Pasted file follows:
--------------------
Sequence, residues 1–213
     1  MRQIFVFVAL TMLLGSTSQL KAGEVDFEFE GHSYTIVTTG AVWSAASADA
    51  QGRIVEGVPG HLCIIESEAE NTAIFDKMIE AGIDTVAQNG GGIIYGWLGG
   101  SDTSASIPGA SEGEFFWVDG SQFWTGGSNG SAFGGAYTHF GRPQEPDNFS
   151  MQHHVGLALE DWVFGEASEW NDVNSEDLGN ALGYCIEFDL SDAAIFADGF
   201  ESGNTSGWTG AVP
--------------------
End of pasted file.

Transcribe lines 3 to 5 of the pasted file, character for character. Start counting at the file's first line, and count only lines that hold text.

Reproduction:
    51  QGRIVEGVPG HLCIIESEAE NTAIFDKMIE AGIDTVAQNG GGIIYGWLGG
   101  SDTSASIPGA SEGEFFWVDG SQFWTGGSNG SAFGGAYTHF GRPQEPDNFS
   151  MQHHVGLALE DWVFGEASEW NDVNSEDLGN ALGYCIEFDL SDAAIFADGF